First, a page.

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China Satellite enters Chinese telecom fray
The country's seventh telecom carrier which will use satellites to transmit calls and messages will be launched by the end of the year.
China Satellite Communications Corp will incorporate all the satellite arms of the current players in the telecoms market.
At a high ranking conference on Monday, the team masterminding the fledgling company was announced.
Zhou Zehe, the present head of ChinaSat -- a major component of the new company -- was named president. And other five people were named vice-presidents.
Major components include ChinaSat (Hong Kong), Zhongyu Satellite Mobile Communications Co, China Orient Telecom Satellite Co and China Post Translation Service Co. The long-awaited company is the last among the seven basic carriers to make its debut.
"China Satellite Communications Corp will face severe challenges and competition after China enters the World Trade Organization," said Zhang Chunjiang, vice-minister of the Ministry of Information Industry (MII).
Satellite -- one of the major communications devices -- has not been fully utilized in China's telecom sector.
Most of the country's satellite capacity is used to transmit TV programmes instead of telecom signals.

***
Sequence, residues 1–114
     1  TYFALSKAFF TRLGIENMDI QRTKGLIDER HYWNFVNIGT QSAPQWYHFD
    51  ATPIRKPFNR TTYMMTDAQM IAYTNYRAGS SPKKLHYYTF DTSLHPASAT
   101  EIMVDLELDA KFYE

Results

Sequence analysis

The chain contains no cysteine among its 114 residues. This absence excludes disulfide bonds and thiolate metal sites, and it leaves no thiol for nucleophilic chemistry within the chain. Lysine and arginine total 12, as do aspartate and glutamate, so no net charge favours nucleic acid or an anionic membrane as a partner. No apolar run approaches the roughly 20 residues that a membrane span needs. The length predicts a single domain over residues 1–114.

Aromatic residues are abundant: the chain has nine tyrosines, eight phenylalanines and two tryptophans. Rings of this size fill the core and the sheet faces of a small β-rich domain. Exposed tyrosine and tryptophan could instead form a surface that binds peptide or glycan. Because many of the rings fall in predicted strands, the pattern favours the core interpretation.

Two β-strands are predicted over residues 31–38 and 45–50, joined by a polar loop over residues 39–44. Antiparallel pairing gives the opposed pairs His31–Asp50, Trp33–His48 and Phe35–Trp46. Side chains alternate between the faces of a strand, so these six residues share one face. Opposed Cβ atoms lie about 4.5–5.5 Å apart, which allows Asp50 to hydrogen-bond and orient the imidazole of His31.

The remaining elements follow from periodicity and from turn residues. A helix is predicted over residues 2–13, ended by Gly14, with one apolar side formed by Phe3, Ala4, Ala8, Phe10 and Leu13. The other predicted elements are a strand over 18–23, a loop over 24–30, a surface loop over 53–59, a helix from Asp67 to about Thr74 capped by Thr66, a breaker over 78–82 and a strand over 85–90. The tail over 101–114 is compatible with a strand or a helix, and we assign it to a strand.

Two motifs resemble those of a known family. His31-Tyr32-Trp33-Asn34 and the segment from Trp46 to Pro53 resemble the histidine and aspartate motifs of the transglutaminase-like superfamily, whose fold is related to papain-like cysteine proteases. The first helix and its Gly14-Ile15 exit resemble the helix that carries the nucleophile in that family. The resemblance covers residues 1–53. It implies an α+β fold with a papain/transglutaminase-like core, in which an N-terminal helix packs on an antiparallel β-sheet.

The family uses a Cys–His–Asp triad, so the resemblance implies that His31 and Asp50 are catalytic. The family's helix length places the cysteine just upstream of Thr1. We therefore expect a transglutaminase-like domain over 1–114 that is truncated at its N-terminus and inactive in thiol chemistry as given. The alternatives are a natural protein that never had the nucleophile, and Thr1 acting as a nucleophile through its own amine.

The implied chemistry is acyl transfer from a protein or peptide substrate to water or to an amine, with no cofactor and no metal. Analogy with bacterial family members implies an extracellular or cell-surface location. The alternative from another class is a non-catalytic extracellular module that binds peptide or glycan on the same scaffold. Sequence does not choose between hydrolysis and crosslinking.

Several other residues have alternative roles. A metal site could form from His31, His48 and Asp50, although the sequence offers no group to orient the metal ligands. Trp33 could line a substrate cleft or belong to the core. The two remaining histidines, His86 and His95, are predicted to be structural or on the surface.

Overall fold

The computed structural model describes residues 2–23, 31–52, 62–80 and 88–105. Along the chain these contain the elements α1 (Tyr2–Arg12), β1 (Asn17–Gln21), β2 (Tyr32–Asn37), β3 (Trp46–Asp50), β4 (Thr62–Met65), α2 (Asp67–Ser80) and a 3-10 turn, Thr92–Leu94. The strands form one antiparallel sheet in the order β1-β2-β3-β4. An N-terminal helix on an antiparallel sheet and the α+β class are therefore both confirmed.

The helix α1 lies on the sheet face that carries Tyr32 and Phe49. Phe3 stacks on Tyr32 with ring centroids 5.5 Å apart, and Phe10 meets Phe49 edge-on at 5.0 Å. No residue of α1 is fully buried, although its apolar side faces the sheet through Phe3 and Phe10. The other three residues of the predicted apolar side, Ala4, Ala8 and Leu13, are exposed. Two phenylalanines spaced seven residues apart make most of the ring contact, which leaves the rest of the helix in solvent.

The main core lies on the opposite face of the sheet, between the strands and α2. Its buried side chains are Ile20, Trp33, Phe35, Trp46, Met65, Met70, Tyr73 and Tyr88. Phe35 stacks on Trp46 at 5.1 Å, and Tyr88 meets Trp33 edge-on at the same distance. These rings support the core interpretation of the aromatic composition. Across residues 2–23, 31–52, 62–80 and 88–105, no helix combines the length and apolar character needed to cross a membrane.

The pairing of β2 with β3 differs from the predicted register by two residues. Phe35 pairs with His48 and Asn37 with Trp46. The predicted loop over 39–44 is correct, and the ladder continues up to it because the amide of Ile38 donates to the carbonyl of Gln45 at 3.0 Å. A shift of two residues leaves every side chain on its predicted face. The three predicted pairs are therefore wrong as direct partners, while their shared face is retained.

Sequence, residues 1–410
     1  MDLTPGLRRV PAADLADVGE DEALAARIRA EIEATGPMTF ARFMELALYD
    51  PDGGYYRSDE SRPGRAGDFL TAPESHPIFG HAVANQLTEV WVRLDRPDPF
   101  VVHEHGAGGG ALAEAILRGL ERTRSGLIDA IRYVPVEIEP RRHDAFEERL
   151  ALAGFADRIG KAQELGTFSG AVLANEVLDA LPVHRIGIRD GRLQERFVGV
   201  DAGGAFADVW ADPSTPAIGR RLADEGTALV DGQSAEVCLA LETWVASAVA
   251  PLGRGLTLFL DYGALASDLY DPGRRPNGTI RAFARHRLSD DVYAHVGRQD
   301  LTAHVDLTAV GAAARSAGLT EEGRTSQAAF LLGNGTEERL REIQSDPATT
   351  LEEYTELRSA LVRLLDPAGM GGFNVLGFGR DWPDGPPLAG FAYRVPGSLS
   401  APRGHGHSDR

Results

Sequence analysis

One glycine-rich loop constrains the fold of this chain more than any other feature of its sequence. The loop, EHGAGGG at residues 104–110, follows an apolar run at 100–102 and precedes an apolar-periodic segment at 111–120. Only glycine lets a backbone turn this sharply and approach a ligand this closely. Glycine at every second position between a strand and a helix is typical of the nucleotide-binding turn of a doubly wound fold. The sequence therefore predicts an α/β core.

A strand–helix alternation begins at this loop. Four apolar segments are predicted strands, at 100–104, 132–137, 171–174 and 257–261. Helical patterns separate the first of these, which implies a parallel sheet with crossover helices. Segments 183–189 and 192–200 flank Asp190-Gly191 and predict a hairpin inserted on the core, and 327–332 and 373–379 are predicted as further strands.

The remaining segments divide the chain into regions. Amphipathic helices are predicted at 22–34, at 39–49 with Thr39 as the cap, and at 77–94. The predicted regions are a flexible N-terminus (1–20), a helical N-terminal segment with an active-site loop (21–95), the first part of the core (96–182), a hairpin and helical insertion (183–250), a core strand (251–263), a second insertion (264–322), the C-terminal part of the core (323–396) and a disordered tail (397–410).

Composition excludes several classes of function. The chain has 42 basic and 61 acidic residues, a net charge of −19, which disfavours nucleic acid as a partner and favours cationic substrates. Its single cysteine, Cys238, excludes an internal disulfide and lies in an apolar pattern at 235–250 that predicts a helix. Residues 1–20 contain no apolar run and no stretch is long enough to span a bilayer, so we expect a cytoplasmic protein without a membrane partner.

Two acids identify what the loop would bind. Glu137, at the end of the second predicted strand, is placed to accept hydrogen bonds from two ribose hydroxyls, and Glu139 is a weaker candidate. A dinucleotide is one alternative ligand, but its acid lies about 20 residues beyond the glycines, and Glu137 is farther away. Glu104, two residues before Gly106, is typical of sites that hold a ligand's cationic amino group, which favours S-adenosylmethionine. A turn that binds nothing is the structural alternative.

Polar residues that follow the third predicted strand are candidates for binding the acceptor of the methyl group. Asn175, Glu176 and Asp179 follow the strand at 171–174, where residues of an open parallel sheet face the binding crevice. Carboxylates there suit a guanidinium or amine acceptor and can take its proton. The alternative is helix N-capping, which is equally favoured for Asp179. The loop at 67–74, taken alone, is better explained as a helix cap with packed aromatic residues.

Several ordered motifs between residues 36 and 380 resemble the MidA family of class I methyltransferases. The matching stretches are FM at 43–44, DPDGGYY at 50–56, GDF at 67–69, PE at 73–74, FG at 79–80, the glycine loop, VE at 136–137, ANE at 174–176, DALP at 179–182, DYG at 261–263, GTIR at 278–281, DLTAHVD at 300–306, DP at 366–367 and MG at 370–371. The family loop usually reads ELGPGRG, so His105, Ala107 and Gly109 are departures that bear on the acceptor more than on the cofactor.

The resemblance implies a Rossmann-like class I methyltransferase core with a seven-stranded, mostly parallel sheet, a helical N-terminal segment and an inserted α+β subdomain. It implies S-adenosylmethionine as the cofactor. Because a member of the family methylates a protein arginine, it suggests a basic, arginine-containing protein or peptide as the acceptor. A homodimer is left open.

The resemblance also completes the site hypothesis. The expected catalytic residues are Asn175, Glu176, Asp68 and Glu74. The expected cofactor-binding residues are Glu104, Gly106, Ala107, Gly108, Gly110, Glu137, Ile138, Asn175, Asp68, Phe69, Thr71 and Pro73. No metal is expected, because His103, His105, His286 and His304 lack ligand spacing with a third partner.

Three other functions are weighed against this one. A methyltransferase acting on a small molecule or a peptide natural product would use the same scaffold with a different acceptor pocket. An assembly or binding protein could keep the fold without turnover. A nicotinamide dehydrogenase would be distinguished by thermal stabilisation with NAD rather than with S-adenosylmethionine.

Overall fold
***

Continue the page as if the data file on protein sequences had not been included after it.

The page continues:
Zhang said the new company should better use its satellite capability to make it one of the major contributors to the telecom industry.
The new company has gained a licence to provide Internet access and telephony services on the web, expanding its business coverage.
The launch of the company is part of the industry reorganization of China's telecom sector when the seven basic telecom carriers are to be reorganized into six.
The MII is busy making detailed asset reorganization and staff arrangement for this round of reform. The detailed plans are to be released as soon as possible.
The announcement comes at a crucial time as the country is expected to enter the WTO by the end of the week. China's telecom sector, the biggest contributor to the economy, has been regarded by foreign companies as one of the key sectors for fast growth.
Hughes, one of the biggest satellite service providers, opened its Chinese subsidiary company in mid-October.
The US-based satellite firm is not satisfied with the TV signal transmission as it wishes to enter China's telecom business after WTO, according to Michael Sun, general manager of Hughes (China).
Satellite's advantages lie in its ability to transmit signals from one point to several.
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